Tuesday, November 03, 2009

Halloween at the Opera

"So, what did you do for Halloween?" I've been asked that about a million times this week. "I went to the opera," I'd say. Probably not a very typical thing to do on Halloween, huh? But that just happened to be the night our season tickets fell. So I got dressed up (nicely, of course) and drove my friend to the opera house.

"What did you think?" That's probably the second-most popular follow-up question to the what-did-you-do-I-went-to-the-opera discussion. And since you've all asked, I'll give it to you straight.

That's what I thought. In other words, I wasn't bowled over. Don't get me wrong, the new opera house is lovely - even unfinished (they clearly were not ready for an October opening as many things were still in various states of almost-finished). Overall, it has a timeless - yet contemporary - design. Are there elements that will become dated rather quickly? Yep. The biggest being those crazy lights in the walls illuminating the name of the house and what floor you're on. The interior house itself is lovely and quite timeless tho. It reminded me very much of the European opera houses I've been in - like the one in Vienna, for instance. The center chandelier was particularly cool, though I must admit that my first thought was "you have to be kidding, that chandelier is totally blocking my view!" And then as the lights dim, the chandelier disappears into the ceiling - very slick!

The acoustics are fantastic. Such a dramatic difference from Fair Park. This is the house of every singer's dreams. Not too deep, not too shallow. Perfectly designed for both dialogue and song. This fantastic design is going to be a problem for a persistently overpowering orchestra, however. Did they play with sensitivity? Absolutely. Could we appreciate that better in this space? Absolutely. Do they still forget that it's not about them? Absolutely. Except that it's even more pronounced in this space than in Fair Park. At one point, the orchestra overpowered more than 100 people singing onstage. I would not have thought that possible in this space, and it is something they are going to have to pay particular attention to in future productions!

As for the singing, Cassio stole the show. He, by far, was the best singer in the cast. Such a beautiful lyric tenor with a terrific character, to boot. I felt like Iago overplayed his character, and that was very distracting and distorted his sound in several places. Otello was excellent. Most of my problems with his character were beyond his control, i.e. make-up, staging, etc. Desdemona was the biggest disappointment. She sang almost the entire show with a dark and swallowed sound, and this made her high notes forced and distorted. I don't think this was her natural singing voice b/c we would catch glimpses of a shimmery soprano every once in a while. And I would think, "ah, there's the sound." And it would be swallowed up by the whale just as quickly. Her shining moment was in the final act just before her death when she sang her prayers and the willow song. If only we could have heard that voice the entire opera - that, my friends, was some breath-taking singing!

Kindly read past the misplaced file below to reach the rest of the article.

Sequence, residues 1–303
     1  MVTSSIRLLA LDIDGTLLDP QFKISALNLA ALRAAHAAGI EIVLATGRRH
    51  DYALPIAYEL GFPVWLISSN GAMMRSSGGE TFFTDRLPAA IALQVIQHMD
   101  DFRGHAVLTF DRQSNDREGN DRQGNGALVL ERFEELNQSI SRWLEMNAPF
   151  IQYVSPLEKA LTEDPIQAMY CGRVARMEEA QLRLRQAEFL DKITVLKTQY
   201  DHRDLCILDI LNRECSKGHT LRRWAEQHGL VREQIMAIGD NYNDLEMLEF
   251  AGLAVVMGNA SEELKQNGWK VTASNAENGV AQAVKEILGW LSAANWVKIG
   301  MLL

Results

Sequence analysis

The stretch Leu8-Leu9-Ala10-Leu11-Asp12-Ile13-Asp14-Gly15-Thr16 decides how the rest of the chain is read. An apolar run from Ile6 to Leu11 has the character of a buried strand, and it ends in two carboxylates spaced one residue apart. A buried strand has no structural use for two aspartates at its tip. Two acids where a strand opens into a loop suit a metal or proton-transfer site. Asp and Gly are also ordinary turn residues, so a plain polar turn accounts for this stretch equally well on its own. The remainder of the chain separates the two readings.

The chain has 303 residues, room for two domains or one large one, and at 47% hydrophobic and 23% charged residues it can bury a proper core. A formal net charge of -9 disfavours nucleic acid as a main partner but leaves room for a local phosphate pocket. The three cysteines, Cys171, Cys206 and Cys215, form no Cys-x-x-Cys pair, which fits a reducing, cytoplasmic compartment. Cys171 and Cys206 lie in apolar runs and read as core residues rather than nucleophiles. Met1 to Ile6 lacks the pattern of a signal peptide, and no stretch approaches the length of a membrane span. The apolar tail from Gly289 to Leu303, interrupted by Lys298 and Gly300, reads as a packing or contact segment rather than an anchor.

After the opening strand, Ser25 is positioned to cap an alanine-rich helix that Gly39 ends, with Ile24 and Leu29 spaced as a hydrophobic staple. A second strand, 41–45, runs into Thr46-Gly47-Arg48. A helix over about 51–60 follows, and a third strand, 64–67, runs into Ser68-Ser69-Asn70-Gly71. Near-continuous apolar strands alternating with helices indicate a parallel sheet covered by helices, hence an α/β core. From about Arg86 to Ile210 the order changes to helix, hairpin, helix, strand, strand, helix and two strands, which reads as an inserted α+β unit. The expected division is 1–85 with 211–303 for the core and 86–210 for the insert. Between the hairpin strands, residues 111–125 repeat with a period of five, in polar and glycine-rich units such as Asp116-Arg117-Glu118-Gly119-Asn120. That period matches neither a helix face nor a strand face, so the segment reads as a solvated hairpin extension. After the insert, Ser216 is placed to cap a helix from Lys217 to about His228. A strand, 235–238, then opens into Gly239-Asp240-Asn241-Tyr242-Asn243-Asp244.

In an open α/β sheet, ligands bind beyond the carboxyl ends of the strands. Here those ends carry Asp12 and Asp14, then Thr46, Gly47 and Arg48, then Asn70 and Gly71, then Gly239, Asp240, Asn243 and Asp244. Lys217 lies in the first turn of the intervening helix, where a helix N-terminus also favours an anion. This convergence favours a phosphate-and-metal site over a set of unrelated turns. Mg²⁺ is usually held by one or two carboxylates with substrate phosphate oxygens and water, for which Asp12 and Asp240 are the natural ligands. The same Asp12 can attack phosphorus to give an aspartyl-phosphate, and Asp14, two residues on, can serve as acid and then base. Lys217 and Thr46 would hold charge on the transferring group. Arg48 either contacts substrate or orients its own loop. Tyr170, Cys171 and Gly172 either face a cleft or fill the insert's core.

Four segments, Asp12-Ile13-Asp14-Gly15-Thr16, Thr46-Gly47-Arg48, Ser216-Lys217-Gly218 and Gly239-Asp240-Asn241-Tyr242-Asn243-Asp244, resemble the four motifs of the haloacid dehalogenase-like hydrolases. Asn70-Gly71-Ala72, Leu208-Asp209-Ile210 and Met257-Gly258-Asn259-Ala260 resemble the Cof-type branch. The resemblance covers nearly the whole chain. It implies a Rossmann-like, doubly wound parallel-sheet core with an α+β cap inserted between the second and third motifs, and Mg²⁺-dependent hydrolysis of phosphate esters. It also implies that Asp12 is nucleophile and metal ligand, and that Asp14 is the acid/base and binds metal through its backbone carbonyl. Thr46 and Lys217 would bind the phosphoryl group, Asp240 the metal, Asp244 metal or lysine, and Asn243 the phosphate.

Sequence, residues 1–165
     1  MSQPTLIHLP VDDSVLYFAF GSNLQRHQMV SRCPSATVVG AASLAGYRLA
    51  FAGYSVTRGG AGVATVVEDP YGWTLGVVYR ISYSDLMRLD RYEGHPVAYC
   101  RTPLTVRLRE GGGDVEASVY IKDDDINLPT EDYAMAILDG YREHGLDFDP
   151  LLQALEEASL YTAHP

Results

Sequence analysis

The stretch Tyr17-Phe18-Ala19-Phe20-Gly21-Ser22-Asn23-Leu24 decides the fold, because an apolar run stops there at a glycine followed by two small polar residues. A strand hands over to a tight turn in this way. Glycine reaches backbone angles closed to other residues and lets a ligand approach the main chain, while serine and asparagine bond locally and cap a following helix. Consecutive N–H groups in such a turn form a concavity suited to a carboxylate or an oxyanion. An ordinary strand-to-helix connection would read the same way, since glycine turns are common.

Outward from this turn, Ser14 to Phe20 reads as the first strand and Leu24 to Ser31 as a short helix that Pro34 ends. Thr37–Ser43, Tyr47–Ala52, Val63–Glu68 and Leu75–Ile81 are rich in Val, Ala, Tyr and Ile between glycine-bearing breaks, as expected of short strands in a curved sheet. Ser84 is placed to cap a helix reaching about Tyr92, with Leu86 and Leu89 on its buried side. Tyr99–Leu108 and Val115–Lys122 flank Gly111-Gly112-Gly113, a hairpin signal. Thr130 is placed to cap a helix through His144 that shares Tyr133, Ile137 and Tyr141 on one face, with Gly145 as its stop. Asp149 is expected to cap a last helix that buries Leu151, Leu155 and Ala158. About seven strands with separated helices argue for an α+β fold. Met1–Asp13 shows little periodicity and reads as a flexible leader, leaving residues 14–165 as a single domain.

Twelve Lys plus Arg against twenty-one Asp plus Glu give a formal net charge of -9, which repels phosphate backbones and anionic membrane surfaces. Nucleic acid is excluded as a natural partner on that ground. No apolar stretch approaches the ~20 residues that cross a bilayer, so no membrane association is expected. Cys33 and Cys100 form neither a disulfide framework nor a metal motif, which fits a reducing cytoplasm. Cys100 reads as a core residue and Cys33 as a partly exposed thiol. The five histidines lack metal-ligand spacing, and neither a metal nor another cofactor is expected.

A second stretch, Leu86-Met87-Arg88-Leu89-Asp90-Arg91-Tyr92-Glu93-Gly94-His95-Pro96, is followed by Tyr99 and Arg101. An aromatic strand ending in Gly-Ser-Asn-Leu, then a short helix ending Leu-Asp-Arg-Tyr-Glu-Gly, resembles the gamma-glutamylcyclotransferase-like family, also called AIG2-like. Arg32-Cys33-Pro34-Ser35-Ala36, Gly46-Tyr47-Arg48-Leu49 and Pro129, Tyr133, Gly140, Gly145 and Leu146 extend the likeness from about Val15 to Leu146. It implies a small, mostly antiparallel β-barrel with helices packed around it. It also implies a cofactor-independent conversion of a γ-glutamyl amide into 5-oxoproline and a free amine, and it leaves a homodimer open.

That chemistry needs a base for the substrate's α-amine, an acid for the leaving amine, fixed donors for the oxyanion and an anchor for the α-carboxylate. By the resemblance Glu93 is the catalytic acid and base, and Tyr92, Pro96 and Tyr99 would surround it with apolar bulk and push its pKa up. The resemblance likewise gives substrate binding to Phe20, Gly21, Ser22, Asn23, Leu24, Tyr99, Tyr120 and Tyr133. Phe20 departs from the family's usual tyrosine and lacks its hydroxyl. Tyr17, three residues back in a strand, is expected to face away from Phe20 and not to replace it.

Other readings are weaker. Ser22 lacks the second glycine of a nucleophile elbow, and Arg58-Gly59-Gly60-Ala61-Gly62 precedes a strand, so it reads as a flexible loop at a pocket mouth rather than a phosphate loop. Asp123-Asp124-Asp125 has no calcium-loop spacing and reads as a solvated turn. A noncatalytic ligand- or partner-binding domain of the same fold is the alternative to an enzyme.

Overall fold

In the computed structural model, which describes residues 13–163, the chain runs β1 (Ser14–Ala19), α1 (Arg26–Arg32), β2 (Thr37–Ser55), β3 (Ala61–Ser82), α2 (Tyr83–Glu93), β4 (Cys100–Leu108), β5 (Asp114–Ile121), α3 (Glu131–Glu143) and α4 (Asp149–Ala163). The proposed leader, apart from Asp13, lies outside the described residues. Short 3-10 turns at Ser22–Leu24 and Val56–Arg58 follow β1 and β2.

All in all, the opera was spoiled for me by the lighting and staging. I understand that most of the action takes place in the dark. So let's get that point made and out of the way. What I don't understand is why you make pockets of light on the stage and then put your singers out of them - in the dark. Consistently. Had it been once in a while, I would have assumed that the singer missed their mark onstage. But the consistency led me to believe this was intentional. And what a shame. Altogether the staging was just dreadful. And it showed in the acting. Clearly, the singers were not comfortable with the staging. Their interactions were awkward, and they overemoted to compensate which made some scenes even more awkward. It was obvious that they were forcing themselves to remain on their marks to deliver their passages, forcing themselves not to look at the person to whom they should have been speaking. And we ended up with several park-n-bark sessions that could have been so much more dramatic had the singers been able to move about the stage more naturally. Instead, we had movement from mark to mark with no rhyme or reason to the onstage flow of the action.

So, while the new house is quite lovely and certainly exciting from an acoustic standpoint and in the possibilities that lie ahead in future programming, the first performance was more than underwhelming.

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